In January of this year, my mother and father made Aliyah. Can you believe it?! Two wonderful people who have earned the right to their golden years; who have worked and given for all of their lives – decided to leave a culture which they were accustomed to, leave seven and a half decades of family history, and come to Israel – truly unbelievable. It is one thing to come to Israel in your early twenties, to face the challenges at the start of your life, but to do this in the golden years is simply amazing.

My parents have taught me so much in my lifetime, I could never have wished for greater parents. At some stage you think that they have taught you everything, but over the past four months I have watched my parents settle in Netanya, like a young married couple. Besides the inspiration of this unlimited courage, it fills me with joy to no end, that we are finally reunited as a family in Israel (we now wait patiently for my older sister and her family to join us when they feel the time is right). I keep repeating the words to myself, "my parents in Israel" - it is a dream come true.

So by now I am sure that you can see why for me this Yom Haatzmaut is different from all other years. But there is one final mention that, in truth, while I am writing has not yet happened, but all being well will happen tomorrow – בעזרת ה'.

Our eldest son Yitzchak, has been in the Army for almost two and a half years (he refused to do less than the normal amount required, and studied for two years in Yeshiva before being drafted). He has not been home for Leil HaSeder for three years, and this year spent Seder night on the border of Gaza; indeed like so many of our soldiers, he has spent the last month on the border, including last Shabbat.

The day before Yom HaZikaron, I found out that my son was due to be on Har Herzl on Yom HaZikaron. The custom in Israel is that serving ​soldiers stand by the graves of fallen soldiers on the day – it is a wonderful and moving gesture. And so I stood by his side, and beamed with pride at my Yitschaki, my Givaati son who is realizing our dream; I stood with my son who like so many others, is a living Maccabee; with my son, who like myself, does not view army service as a burden, but as an honor. After 2000 years of persecution, I intend to stand proudly with the soldiers of Israel, the living and the fallen. And, when the siren sounds at 11:00 am we will stand together – with Am Yisrael, acknowledging and appreciating what we have, with eternal gratitude to the Almighty God and to those heroes who made it possible.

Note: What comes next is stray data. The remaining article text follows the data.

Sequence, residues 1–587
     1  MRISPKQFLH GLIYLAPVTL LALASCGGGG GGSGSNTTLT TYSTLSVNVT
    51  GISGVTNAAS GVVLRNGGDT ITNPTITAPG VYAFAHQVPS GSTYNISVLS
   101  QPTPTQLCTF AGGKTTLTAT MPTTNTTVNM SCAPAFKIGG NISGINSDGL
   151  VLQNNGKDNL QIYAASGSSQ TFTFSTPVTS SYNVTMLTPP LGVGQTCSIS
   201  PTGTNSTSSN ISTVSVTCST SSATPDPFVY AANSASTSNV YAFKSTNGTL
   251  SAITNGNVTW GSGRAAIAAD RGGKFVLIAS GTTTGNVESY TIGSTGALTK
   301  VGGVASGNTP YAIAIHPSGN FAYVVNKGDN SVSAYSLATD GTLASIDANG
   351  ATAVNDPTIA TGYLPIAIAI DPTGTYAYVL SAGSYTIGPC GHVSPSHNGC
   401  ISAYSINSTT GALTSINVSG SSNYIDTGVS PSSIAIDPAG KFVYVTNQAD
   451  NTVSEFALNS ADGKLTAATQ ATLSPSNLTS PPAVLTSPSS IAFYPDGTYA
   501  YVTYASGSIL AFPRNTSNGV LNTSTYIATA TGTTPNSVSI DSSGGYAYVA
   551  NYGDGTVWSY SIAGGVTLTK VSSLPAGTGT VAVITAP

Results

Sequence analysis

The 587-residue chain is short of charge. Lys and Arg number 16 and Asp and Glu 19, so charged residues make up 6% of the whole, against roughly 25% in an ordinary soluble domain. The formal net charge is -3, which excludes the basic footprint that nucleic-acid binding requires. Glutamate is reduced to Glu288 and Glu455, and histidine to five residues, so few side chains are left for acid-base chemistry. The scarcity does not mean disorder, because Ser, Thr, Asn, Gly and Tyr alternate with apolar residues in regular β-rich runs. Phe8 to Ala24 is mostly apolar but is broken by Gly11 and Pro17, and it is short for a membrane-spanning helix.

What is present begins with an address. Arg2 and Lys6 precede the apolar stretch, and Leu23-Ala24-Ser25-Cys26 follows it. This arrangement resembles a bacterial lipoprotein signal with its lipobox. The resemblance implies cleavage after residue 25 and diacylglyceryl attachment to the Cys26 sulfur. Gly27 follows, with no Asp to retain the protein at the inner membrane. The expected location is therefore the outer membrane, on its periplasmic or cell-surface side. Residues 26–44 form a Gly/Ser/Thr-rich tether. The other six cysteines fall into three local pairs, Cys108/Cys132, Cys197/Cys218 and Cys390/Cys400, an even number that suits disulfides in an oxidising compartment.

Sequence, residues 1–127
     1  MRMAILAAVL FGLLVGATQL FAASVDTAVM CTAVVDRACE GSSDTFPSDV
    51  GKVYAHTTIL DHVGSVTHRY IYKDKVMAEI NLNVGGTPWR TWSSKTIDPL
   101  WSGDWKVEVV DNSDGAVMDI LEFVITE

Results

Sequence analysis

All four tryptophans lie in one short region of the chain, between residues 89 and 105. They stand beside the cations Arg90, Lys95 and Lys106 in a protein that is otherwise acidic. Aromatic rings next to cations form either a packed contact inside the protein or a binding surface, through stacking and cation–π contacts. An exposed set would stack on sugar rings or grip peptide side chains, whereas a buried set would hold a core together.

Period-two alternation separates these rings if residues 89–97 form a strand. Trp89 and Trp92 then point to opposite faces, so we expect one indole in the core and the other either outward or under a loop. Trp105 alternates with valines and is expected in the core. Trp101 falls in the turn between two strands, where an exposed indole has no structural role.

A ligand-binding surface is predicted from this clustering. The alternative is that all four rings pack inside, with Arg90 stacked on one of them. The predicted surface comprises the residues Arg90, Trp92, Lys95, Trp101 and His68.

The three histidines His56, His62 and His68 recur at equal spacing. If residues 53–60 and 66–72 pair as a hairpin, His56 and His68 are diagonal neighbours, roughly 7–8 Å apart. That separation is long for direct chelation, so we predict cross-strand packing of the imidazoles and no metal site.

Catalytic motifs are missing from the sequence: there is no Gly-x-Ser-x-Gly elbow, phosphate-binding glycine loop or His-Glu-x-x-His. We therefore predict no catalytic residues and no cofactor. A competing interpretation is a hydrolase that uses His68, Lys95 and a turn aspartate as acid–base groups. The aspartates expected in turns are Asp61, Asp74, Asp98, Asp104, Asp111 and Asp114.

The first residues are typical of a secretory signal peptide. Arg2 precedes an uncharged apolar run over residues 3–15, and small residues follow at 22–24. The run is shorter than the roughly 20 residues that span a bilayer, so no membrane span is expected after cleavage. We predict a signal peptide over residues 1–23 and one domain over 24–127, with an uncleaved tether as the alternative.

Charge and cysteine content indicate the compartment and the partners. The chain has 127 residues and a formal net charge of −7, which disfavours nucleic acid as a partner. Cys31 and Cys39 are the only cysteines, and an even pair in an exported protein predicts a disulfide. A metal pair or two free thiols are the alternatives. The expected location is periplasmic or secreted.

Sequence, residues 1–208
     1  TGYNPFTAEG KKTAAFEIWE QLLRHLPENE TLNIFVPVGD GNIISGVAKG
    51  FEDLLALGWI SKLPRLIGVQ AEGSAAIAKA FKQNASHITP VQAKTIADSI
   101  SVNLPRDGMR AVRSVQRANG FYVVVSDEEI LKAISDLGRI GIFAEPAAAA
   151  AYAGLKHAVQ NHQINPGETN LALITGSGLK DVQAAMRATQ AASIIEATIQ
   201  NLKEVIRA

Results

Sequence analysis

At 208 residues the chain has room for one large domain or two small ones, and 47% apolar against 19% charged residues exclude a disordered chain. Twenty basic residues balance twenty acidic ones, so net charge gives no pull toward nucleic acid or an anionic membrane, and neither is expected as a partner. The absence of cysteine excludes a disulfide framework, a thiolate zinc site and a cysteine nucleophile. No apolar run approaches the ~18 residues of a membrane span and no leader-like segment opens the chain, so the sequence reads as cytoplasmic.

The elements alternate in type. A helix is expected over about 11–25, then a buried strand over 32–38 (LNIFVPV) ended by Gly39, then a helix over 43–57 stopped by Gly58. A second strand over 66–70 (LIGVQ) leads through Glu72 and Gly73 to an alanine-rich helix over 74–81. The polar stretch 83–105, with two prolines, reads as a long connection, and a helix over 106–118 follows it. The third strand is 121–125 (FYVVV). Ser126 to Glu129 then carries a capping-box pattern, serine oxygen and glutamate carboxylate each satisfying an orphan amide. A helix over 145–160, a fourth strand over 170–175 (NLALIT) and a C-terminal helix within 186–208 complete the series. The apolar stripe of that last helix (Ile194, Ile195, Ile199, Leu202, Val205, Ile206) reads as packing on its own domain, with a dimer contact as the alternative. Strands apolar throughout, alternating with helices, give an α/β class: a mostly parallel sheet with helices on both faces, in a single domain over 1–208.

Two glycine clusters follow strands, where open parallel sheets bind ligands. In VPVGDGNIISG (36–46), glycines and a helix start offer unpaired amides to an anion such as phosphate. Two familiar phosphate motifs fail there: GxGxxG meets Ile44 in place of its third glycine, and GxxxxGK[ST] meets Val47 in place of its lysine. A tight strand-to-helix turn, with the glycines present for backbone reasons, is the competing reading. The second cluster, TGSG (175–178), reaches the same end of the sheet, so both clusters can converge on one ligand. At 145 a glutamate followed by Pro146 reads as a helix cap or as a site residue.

I have always celebrated Yom Haatzmaut, I have always said Hallel on Yom Haatzmaut. As a descendant of Avraham Avinu, I believe that the Almighty God is both present and active in this world. I believe that to ignore the events of the last seventy years is tantamount to denying God.

I have spent three and a half decades studying Shoah, and when I stop to think about what I have, what we have today, I am convinced that not only should we recite Hallel on Yom Haatzmaut, we should probably recite it every day.

We are so lucky to have what we have, to be where we are, and to be a part of this dream. We still have much to do, and the problems both internal and external that confront us are challenging to say the least; but to a nation that has survived Holocaust, achieved Independence and regained Jerusalem, together we can surely make it to the finishing post.

I could never argue that our predicament is perfect, but I will argue that it is far better than it has been for two millennia. We have over 7 million Jews living in Israel, so please join me, my students, my parents and Am Yisrael in thanking the Almighty God for this most wonderful gift – מדינת ישראל ראשית צמיחת גאולתינו

זה היום עשה ה' נגילה ונשמחה בו

חג עצמאות שמח!

דוד מילסטון